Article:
What to Say and Not to Say to Children During a Divorce

During a divorce case, it is critical that both spouses carefully choose their words when discussing the situation with their children.  This is important for both the mental wellbeing of the children, and each spouse’s legal interests in the case.

A divorce case, when handled properly, will likely result in a better living situation for children as children do not benefit from having parents who are in an unhappy marriage, nor does setting such an example for children do them any good in the long-run.  When it occurs, emotional harm to children in divorce cases is a product of the improperly actions taken or not taken by parents – not the divorce itself.  Children are remarkably perceptive, and can see right through a situation where their parents don’t wish to remain married but do so due to a mistaken belief that doing so is “for the good of the children.”

Being careful not to discuss improper matters with a child during a divorce case is key to preventing lasting emotional harm to the child.  Improper things to discuss with a child during a divorce can include the following:

  • Whose “fault” it is that a divorce is taking place.
  • A desire that the other spouse cancel the divorce.
  • Infidelity of either spouse – Such matters are not relevant to how the courts in Iowa or Illinois will handle child custody, child support, child visitation (or alimony or property, for that matter).  Adultery is just not something that should be discussed with a child.
  • Negative things about the other spouse or the other spouse’s relatives.
  • Statements about the child not seeing the other parent in the future.
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At the same time, saying the right things to a child are also important during a divorce.  Reassuring the child that he or she is loved and will always be loved is critical.  Children need emotional stability, especially when their parents are in the process of becoming separated.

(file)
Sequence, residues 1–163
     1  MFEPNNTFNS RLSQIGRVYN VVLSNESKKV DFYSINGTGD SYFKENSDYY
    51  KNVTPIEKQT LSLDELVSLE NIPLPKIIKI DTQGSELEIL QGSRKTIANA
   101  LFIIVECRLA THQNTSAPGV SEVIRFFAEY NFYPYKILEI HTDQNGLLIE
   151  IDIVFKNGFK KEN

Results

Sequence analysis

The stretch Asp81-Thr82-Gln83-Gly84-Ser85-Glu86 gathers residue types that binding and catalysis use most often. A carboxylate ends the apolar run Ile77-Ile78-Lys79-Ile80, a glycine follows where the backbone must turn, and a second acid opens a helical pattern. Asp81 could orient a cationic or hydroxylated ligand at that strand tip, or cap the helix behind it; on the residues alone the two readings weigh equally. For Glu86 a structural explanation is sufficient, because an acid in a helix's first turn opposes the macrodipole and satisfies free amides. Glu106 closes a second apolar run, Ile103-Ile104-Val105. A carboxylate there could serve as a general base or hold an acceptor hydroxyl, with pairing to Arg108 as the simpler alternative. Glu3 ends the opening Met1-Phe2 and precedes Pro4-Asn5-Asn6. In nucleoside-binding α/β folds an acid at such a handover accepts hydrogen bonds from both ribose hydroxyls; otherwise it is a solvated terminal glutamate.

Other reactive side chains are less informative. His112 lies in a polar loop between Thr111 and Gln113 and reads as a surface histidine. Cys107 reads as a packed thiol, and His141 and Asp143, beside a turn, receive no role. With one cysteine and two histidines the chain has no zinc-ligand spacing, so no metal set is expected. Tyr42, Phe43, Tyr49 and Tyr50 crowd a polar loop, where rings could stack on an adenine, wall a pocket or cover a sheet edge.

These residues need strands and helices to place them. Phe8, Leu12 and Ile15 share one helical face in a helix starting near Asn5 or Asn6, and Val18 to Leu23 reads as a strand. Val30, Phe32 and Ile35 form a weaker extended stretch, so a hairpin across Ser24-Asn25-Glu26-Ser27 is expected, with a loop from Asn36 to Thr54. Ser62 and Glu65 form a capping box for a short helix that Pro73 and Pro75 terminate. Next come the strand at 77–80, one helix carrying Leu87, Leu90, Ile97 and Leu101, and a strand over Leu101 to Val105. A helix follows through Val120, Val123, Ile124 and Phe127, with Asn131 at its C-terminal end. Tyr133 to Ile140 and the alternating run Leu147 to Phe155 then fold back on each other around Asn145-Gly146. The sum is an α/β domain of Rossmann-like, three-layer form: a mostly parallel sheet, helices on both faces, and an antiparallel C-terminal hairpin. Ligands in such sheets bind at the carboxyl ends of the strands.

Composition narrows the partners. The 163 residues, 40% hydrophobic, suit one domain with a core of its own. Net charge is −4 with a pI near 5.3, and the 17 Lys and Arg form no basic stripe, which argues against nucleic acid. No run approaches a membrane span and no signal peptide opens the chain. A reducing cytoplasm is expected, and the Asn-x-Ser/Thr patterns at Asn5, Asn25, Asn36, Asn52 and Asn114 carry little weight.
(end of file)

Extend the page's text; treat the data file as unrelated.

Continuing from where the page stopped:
It is similarly important to help any children of the marriage understand that they are not at fault for the divorce.  Remember, children are not adults and even the most intelligent and precocious child will lack the reasoning skills that an adult has, especially as to social matters.  That is why many children will incorrectly believe that their behavior – even something as simple as not cleaning up their room once – caused their parents to separate.  Reminding a child that they are in no way at fault for the divorce is important.

Children benefit greatly from being told that they will be taken care of just like always, and that the divorce will not cause them to be abandoned or neglected.  Sometimes, children will worry that a divorce case would mean they would be left behind or abandoned.  Plainly telling a child that is not the case is an easy way to avoid such worries.

Properly discussing (and not discussing) divorce-related matters with a child during a divorce case is also important insofar as a parent’s legal interests are concerned.  The courts in Illinois and Iowa strongly disfavor a parent putting their child in the middle of adult matters during divorce cases, or driving a wedge between the child and the other parent.  The Illinois Circuit Courts and the Iowa District Courts recognize that parental alienation and other such issues are real, and will take such matters into account when deciding how to award child custody and child support.  It therefore behooves every parent to conduct themselves in the proper manner, and work with their attorney to document any improper actions that their spouse takes during the divorce case, so that the matter can be properly presented to the judge.

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Divorce cases can be emotional, for obvious reasons.  However, it is entirely possible to handle a divorce case in a way that avoids emotional harm to children and allows both spouses to move on with life in a productive manner.